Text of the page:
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Critical Conversations about CAD – Uncovering a Concern

This entry is part 5 of 8 in the series Critical Conversations [1]

Last time I talked about things that you might “notice”.  Now we turn to the things that you have noticed that have become a “concern”.

When you “notice” something, you are just perceiving repetitions that might have a pattern.  You are piecing together disparate items that may link to a common thread.   They might not have anything in common and never move past something that you just happened to notice.  This can happen a lot.  I have noticed many things that have nothing to do with any underlying problems.  They are just anomalies.  Unconnected bits of information that can be filed away (but keep them handy in your mind, just in case something comes up later).

I tend to notice things like my car making funny noises.  I hear things that do not sound right or that do not sound the same.  The AC might sound different.  The transmission might howl a little.  I used to have a Volkswagen Bug and it made strange noises all the time.  They tended to come and go.  I would make a mental note when I heard something strange and then wait to see if it would go away.  The noises usually went away.  It was just a noisy old car.

Unlike the noises my car might start and then stop making, the things you notice in CAD usually do not go away.  It is really a matter of how far and what impact these items might have.  When they move from one file to another.  When they pop up from one user to the next.  When you see them bridging one project and into another…  that is when they become “concerns”.

When things you “notice” become things that cause “concern” you need to address them.  It has gone beyond a random flareup of individual items.  It has now moved in to a repeating sore spot.  It is happening on a regular basis and seems to be spreading.  It is not getting better.  It might even be repeatable – you can make it happen.  It has not been enough just to raise awareness via a “I noticed something” conversation.  It is now time to gather the troops.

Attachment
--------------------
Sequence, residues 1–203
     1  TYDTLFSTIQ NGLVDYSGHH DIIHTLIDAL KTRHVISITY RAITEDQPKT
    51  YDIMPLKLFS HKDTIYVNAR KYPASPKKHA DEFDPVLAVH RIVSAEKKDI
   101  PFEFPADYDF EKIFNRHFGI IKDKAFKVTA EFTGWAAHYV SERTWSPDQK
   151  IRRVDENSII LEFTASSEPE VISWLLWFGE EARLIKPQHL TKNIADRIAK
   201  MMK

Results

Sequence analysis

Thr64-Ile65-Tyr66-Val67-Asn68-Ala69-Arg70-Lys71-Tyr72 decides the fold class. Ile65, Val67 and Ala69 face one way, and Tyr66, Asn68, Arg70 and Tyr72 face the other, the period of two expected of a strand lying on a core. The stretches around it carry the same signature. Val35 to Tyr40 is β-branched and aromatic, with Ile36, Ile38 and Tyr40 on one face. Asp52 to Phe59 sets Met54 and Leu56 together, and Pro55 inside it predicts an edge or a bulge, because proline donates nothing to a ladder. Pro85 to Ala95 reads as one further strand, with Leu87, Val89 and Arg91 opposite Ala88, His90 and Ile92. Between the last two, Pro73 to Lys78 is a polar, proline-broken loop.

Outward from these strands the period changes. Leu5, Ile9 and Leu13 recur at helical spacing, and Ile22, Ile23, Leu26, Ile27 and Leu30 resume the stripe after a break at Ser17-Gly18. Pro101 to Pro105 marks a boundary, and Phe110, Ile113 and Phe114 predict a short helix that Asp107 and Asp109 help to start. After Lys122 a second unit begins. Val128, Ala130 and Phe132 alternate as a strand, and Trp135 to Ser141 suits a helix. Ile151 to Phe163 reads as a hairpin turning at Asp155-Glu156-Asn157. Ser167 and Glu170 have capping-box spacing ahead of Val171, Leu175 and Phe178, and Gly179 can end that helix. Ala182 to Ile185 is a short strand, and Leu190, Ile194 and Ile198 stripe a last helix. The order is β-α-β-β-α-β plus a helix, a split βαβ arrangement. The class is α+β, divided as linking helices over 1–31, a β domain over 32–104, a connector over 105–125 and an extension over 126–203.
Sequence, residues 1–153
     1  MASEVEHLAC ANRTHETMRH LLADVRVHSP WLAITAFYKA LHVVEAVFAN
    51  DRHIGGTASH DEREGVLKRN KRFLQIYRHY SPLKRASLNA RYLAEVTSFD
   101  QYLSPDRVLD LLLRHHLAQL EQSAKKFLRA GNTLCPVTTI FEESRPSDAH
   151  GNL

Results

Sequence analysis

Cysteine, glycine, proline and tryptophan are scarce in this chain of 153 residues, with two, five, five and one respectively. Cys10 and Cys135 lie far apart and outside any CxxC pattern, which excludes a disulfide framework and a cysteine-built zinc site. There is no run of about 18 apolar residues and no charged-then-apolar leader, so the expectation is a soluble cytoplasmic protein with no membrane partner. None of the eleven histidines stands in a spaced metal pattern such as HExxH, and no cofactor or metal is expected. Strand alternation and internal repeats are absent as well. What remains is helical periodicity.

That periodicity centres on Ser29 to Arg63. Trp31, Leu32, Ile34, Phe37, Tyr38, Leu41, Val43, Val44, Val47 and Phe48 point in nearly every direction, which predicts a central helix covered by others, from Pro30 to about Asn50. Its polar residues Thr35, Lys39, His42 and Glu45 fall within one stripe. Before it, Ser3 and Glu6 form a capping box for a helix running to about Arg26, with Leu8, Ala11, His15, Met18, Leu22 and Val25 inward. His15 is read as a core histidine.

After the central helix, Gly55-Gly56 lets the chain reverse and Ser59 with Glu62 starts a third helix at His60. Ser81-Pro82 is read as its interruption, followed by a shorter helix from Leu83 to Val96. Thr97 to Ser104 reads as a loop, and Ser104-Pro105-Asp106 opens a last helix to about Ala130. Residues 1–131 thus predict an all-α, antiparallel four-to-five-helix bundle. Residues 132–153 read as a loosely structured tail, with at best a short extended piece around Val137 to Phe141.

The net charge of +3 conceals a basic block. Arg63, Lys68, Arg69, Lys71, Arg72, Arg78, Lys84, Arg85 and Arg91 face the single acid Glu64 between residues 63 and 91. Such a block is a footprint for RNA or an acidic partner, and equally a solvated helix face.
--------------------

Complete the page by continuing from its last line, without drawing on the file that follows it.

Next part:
The first point of addressing them might be a critical conversation.  Here is how that conversation might go.

“Hey Bob, I see that you are having troubles with plotting.  I noticed that with others and I am becoming concerned.  Can you tell me a little more about your troubles?”  “Stacy, I am concerned that I may not have communicated the standard for layer names” – this would follow you noticing that Stacy has not been exactly consistent in layer naming. “Dave, have you noticed that the High Rise project is having trouble with file transfer?  This is happening more and more and I am concerned that the files may be corrupt on some level.”

After the above intro, all of the conversations about concerns notify the person that something needs to happen.  It may call for deeper, formal investigations around the problem, or it may be a call to action focused on avoiding the trouble spreading.  This critical conversation – at the “concern” level – is calling for action.  It is not just that you are noting something.  You are stating that the problem now needs to be addressed.  It may no longer be a suggestion.  By addressing the problems that have risen to concern level, you salvage the files and project before they become issues that can have severe negative impact.  You catch the problems and solve them – usually within the flow of normal work.

Once you have this level of conversation, things should happen.  Someone, maybe you, will move toward resolving or uncovering the deeper problem.  The project staff may need to have a meeting to see how pervasive the problem is.  You may have to dig into some files to see what is happening. You (or someone) will have to expend time to define the problem and try to get it taken care of.  This level of conversation usually does the trick.  People do not like hearing the word “concern”.  When they do, they seek to alleviate the concerns being discussed.

The only level higher than a ‘concern” will be discussed next.  Identifying an Issue.

 

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